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Suu Kyi visits Rakhine as Rohingya exodus continues

Myanmar's de facto leader makes first visit to the region from where over half a million Rohingya have been uprooted.

Myanmar's de facto leader, Aung San Suu Kyi

Myanmar's de facto leader, Aung San Suu Kyi, has visited Rakhine state for the first time since hundreds of thousands of Rohingya Muslims began fleeing the country to escape a brutal military operation launched in late August.

The Myanmar government, led by Aung San Suu Kyi's party, the National League for Democracy (NLD), has downplayed the deadly ethnic violence in Rakhine state despite reports of continued exodus of Rohingya to neighbouring Bangladesh.

Reuters news agency reported that thousands of desperate Rohingya waded through shallows and narrow creeks between islands of the Naf river to reach Bangladesh on Wednesday evening.

"The government has been trying to push the narrative that peace and stability have been achieved in Rakhine state after two months of renewed military offensive that began on August 25," Looi said.

The NLD organised an interfaith rally in Yangon on Wednesday to showcase Myanmar's multiculturalism. But critics say it was more of a public relations exercise as the Rohingya crisis was not even mentioned at the event.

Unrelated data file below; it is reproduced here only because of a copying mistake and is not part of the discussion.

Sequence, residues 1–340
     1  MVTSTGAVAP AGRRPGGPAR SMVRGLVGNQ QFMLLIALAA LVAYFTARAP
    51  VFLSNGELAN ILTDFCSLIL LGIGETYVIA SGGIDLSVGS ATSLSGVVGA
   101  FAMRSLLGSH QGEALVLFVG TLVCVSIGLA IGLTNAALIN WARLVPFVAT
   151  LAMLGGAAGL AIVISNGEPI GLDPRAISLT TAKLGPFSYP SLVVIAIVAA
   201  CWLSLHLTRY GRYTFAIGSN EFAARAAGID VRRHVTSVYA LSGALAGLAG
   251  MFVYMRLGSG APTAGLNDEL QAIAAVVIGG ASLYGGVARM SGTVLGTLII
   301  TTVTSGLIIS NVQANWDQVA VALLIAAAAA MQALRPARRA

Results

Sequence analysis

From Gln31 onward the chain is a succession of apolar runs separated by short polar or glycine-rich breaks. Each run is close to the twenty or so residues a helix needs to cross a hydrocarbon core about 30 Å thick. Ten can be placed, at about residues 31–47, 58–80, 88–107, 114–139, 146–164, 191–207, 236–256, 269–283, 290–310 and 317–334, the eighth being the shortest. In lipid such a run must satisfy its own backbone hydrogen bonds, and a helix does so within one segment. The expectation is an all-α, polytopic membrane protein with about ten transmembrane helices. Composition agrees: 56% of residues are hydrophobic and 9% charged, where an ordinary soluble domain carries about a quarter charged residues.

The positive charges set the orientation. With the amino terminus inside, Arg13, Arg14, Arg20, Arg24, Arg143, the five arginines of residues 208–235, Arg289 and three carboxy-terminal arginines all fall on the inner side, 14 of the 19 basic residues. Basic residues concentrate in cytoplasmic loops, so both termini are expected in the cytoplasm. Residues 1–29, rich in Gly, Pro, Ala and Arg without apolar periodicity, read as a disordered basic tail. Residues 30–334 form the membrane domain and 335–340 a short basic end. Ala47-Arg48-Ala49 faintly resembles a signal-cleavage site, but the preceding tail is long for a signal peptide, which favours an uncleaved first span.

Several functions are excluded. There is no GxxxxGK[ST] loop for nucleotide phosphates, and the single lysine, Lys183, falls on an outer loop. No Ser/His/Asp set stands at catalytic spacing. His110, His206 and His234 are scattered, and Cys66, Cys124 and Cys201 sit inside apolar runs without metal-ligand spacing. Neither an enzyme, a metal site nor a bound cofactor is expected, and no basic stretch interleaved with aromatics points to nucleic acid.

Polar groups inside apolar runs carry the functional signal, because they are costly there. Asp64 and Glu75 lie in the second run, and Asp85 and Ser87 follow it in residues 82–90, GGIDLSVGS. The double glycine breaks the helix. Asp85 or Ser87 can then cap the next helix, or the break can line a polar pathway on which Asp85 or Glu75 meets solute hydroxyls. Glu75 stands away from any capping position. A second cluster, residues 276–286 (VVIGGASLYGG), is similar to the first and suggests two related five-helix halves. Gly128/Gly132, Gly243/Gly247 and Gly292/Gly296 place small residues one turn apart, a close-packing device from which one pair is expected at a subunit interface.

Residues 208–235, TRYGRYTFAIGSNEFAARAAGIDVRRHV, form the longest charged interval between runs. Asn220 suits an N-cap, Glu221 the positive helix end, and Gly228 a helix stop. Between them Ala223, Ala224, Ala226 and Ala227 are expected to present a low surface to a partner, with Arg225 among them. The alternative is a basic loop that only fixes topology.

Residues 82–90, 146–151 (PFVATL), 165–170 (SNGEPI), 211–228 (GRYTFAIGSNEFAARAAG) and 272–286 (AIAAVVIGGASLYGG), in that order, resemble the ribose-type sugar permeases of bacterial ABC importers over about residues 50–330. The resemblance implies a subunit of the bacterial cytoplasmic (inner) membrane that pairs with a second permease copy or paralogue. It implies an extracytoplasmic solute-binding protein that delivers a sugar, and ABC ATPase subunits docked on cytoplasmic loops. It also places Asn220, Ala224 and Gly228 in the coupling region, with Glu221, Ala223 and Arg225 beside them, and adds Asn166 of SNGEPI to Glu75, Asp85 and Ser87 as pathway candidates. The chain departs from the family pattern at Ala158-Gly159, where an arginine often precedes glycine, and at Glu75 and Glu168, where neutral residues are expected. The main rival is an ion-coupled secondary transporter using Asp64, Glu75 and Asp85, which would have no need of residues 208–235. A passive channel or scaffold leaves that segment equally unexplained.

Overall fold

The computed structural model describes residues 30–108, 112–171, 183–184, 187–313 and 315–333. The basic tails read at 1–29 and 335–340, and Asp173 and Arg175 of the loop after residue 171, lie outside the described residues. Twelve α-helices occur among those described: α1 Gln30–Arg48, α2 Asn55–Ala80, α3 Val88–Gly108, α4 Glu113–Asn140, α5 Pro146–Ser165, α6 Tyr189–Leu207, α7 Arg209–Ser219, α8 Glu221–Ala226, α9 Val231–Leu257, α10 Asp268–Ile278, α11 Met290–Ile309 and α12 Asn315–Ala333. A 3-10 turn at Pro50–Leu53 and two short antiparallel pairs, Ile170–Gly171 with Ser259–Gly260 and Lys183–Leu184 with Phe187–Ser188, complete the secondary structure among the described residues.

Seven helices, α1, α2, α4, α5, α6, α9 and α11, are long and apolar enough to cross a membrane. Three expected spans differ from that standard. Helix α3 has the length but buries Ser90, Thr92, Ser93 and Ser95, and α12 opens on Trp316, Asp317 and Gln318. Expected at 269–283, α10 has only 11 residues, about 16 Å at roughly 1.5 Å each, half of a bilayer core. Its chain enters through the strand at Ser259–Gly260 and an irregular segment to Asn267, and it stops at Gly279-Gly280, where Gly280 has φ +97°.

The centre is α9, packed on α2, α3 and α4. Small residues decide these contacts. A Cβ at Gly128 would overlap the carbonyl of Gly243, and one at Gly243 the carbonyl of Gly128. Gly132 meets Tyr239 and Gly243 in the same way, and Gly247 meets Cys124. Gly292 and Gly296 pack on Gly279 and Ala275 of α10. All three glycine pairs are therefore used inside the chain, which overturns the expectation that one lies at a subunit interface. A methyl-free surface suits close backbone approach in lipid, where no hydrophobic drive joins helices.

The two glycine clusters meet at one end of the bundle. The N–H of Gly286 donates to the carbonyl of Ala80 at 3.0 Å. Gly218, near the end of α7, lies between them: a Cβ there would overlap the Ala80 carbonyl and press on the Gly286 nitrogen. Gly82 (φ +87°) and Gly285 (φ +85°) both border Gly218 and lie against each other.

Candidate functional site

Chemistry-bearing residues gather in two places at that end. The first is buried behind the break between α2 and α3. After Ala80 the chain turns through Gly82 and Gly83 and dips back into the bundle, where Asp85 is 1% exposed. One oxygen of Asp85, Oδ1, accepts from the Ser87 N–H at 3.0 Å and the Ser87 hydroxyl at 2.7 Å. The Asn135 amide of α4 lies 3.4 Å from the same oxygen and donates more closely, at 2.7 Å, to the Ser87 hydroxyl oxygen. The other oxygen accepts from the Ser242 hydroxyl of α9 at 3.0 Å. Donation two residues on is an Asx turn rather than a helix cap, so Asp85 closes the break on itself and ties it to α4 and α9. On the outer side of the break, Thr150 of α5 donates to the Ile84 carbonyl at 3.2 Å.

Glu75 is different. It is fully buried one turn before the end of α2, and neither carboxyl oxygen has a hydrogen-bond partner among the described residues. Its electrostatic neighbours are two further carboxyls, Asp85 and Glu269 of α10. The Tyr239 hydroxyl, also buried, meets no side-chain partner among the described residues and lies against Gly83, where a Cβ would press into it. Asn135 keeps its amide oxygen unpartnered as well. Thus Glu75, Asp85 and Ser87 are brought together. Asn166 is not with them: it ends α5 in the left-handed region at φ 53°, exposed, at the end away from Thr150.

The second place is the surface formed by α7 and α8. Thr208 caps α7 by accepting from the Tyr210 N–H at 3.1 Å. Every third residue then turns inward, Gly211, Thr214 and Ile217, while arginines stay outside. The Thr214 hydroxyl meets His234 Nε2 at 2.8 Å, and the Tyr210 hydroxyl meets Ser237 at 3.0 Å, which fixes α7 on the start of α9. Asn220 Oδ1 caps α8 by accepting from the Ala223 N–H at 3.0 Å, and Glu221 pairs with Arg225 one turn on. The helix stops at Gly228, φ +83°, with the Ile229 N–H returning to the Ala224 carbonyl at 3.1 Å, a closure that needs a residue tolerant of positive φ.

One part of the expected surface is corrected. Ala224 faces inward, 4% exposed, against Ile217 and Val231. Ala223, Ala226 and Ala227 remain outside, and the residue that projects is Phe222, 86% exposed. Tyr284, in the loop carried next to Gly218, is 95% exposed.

Precarious situation

More than a half million Rohingya have taken shelter in Bangladesh, fleeing arson, looting and gang rape allegedly being carried out by the military and Buddhist mobs. The military calls it a "clearance operation" planned against Rohingya armed groups who attacked an army base.

The UN has called it "textbook ethnic cleansing" - a charge the Myanmar government continues to deny.

Aung San Suu Kyi has faced international condemnation for not speaking against the atrocities that the Rohingya have faced. Her government, since succeeding a military regime, has done little to address the plight of one of the most persecuted communities in the world.

The ethnic community, the majority of whom are Muslims, has been denied citizenship, rendering it stateless.

According to local media, Aung San Suu Kyi visited two villages in Rakhine's Maungdaw district – one of the worst affected by the anti-Rohingya violence.

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